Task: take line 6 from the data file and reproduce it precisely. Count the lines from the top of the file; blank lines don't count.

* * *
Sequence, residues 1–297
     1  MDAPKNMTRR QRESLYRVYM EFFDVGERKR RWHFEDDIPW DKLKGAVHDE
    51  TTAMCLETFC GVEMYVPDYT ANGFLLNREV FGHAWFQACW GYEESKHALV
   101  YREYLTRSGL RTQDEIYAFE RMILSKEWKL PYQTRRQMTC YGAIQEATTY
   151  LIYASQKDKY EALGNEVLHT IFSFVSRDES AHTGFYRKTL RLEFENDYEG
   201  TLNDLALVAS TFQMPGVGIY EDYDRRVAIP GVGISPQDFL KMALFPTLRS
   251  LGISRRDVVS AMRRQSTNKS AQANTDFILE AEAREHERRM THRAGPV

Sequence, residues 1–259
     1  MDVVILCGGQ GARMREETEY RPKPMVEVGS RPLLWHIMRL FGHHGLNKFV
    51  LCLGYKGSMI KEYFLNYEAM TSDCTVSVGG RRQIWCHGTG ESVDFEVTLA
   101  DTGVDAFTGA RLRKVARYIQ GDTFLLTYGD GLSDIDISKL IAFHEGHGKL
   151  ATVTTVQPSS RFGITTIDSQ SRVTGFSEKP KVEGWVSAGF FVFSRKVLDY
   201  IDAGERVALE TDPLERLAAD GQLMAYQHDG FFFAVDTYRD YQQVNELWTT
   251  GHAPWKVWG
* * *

   201  TLNDLALVAS TFQMPGVGIY EDYDRRVAIP GVGISPQDFL KMALFPTLRS